Published May 31, 2014Rock'n'roll artist, producer and label owner Jack White has done a great deal of press leading up to his new Lazaretto LP, but much of it has brought some negative attention to the artist. Following last year's email leak revealing his unsavoury thoughts about the Black Keys, White had some more comments for Rolling Stone this week. Today, however, White has attempted to put it all to rest with a statement.
Over on his official website, he shared a lengthy statement titled "An apology and explanation from Jack White."
He opened by saying, "It seems like it's becoming obvious that to continue the activities I have planned for the rest of my year as a musician, and not be hounded by nonsense throughout those experiences, I should make a statement to clear up a lot of the negativity surrounding things I've said or written, despite the fact that I loathe to bring more attention to these things."
Regarding the Black Keys and the various statements he has made about them in the past, White offered a humble apology:
There are a lot of things that only people around me can know about or understand, but despite all of that I want to say this: I wish the band the Black Keys all the success that they can get. I hope the best for their record label Nonesuch who has such a proud history in music, and in their efforts to bring the Black Keys songs to the world. I hope for massive success also for their producer and songwriter Danger Mouse and for the other musicians that their band employs. Lord knows that I can tell you myself how hard it is to get people to pay attention to a two piece band with a plastic guitar, so any attention that the Black Keys can get in this world I wish it for them, and I hope their record stays in the top ten for many months and they have many more successful albums in their career.
Rolling Stone also quoted White as comparing the Black Keys allegedly ripping him off to the careers of Lana Del Rey, Adele and Duffy, all of whom he thinks are following Amy Winehouse's footsteps. White responded:
Remarks I've made about the state of the music business and about how certain acts create new markets in the minds of music lovers are also very difficult to clarify without exacerbating the issue. In an attempt to not give the music magazine Rolling Stone a "no comment," because I thought they would use that to convey some sort of pettiness on my part, I decided to try to explain a tiny portion of what they were asking. But, they are the type of comments that are to be made to producers, engineers, and managers who thoroughly understand the behind-the-scenes of what we do all day long. I should've been smarter to know that it would be pointless to use comparisons like I did to readers who most likely don't understand the scenario and that my words would seem very negative in nature. That's not me trying to sound like I'm above anyone, it was just "shop talk" and it sounded a lot more negative than it was meant to.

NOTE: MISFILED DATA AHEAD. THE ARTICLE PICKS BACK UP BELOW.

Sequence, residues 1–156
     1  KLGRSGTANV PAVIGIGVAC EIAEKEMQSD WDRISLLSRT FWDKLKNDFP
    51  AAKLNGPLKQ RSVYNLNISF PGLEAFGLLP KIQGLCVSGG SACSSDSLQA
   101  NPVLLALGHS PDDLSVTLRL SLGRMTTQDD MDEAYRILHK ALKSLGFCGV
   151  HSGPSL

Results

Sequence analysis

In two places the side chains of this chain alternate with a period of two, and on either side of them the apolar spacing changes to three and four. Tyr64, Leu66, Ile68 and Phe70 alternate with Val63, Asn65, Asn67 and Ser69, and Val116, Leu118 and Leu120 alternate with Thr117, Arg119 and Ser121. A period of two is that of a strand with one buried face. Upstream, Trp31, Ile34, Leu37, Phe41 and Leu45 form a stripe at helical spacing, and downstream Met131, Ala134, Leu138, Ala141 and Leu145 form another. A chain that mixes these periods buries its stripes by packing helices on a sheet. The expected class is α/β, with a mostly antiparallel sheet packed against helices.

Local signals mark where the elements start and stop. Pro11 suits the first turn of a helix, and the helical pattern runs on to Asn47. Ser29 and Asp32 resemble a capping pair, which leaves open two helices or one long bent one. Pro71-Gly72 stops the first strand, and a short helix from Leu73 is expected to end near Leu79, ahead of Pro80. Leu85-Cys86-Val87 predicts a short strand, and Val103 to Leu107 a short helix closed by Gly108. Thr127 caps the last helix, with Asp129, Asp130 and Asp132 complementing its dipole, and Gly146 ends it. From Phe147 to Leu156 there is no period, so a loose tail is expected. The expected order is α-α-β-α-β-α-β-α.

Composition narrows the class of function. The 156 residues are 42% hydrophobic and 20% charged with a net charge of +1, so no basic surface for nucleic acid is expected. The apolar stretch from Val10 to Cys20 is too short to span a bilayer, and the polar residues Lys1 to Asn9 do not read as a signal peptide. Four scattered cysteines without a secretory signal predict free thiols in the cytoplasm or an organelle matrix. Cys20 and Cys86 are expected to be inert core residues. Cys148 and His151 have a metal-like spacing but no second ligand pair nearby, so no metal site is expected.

I wish no slight to the talents of Winehouse, Duffy, Lana del Rey, and Adele. All of whom are wonderful performers with amazing voices. I have their records and I hope for more success for them all as the years go on. They deserve all they've gotten. And, I also would love to state that I personally find it inspiring to have powerful, positive female voices speaking out and creating at all times in the mainstream, and all of those singers do just that, so I thank them.
Finally, White addressed some comments he had made about Meg White. In the Rolling Stone interview, he described her as stand-offish and detached, pointing out that she was incredibly difficult to be around due to her lack of excitement. White further clarified his statements:
Meg White, who I also talked about to Rolling Stone about our working conversations, or lack thereof, is, of course, a musician I've personally championed for 15 years. She is a strong female presence in rock and roll, and I was not intending to slight her either, only to explain how hard it was for us to communicate with our very different personalities. This got blown out of proportion and made into headlines, and somehow I looked like I was picking on her. I would never publicly do that to someone I love so dearly. And, there are mountains of interviews where my words are very clear on how important I think she is to me and to music.
To get his point across further, White closed with the following statement:
Anyone who can get people to pay attention for more than a second with musical notes in this age, or any age for that matter, deserves credit and applause. Thank you for reading all of this and I hope that the nonsense started by lawyers and strangers to me and perpetuated by tabloid journalism can be left behind, and all of the musicians can move forward in positivity. So, God bless the Black Keys, Danger Mouse, Adele, Meg White, and anyone else I've spoken about, and thank you for understanding. Good fortune to all of them, and I'm sorry for my statements hurting anyone.
Jack White's Lazaretto is set to arrive on June 10 through Third Man Records/Columbia.